His name was Ernest Watson and he was one of the lucky ones.
At 26 years old in 1915, he and his brother enlisted from the war office in Lockhart.
They were sent to the Western Front.
Ernest took the trenches, his brother joined the transport auxiliary. They returned home in 1919.
“He was gassed so he always struggled, talking was hard for him,” said Ernest’s granddaughter Sue Lamb.
Ms Lamb founded Junee’s poppy project, which has seen an installation of almost 4000 knitted and crocheted poppies fixed to the front facade of the old ANZ building.
With the combined 17mm of rain over the town this week, it may be shifted.
Jenny Morton of Junee’s Red Cross presented display to His Excellency the Governor of NSW David Hurley upon his visit last month.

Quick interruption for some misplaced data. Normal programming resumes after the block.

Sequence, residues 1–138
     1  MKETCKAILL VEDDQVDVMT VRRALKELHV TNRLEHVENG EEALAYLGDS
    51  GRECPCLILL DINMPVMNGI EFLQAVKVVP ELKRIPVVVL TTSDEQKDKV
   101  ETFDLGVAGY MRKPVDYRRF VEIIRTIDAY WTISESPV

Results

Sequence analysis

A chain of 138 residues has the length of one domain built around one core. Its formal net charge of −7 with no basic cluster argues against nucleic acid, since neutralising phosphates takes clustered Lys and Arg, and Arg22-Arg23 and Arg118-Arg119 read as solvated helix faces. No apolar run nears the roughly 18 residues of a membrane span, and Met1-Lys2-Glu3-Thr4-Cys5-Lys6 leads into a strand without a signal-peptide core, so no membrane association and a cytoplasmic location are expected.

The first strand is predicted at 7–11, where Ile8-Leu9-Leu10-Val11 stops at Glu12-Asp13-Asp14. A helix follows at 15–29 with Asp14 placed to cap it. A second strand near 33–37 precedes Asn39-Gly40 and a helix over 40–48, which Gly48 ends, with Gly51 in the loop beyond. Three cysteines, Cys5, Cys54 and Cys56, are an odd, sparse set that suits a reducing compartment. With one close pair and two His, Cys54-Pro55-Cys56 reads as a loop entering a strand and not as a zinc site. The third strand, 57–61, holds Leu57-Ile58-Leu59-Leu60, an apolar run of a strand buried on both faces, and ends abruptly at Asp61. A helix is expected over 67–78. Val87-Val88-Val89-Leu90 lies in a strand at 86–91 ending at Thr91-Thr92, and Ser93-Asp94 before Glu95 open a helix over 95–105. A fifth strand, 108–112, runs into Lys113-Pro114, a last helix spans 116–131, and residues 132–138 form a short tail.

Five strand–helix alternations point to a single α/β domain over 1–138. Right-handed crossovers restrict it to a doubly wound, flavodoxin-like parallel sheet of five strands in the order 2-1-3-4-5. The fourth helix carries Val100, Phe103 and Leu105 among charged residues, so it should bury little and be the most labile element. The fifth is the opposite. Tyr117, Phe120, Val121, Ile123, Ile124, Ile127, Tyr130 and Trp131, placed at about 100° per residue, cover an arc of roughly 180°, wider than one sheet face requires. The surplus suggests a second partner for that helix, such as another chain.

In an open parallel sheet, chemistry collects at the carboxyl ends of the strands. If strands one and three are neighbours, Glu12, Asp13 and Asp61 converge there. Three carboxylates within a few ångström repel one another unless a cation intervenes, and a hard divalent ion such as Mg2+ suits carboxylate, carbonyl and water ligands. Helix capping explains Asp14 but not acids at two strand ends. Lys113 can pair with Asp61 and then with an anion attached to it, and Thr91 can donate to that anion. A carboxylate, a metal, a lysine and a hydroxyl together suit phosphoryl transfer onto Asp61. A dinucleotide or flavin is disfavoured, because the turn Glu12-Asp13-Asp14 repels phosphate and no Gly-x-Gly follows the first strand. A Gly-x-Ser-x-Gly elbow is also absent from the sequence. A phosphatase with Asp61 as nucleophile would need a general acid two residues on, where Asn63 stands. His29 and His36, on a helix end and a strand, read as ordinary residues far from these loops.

“He said he was amazed by its colour and how its beauty really showed the community spirit,” said Ms Morton.
To commemorate the centenary of armistice on Sunday, the poppies will become the centre piece of the all-day celebration.
Four silhouette soldiers standing in the catafalque formation will join the poppies.
“During these services we tend to think of those who died on the battlefields, but we should also remember those who returned and had to live with the terrible effects of war,” said Ms Lamb.
“My dad was in the airforce, my brother and my husband were in the army, that’s why I got involved.”
To couple with the poppies, the CWA’s Kelly Shield entry has also been erected in the Annie’s Place window.
It includes three ceramic dolls to represent stretcher-bearer John Simpson and his donkey.
“They took about four months to make with all the clothes,” said dollmaker Anne Skinner.
“The hardest bit was the donkey. I had to make him over about four times but he kept looking like a cow.”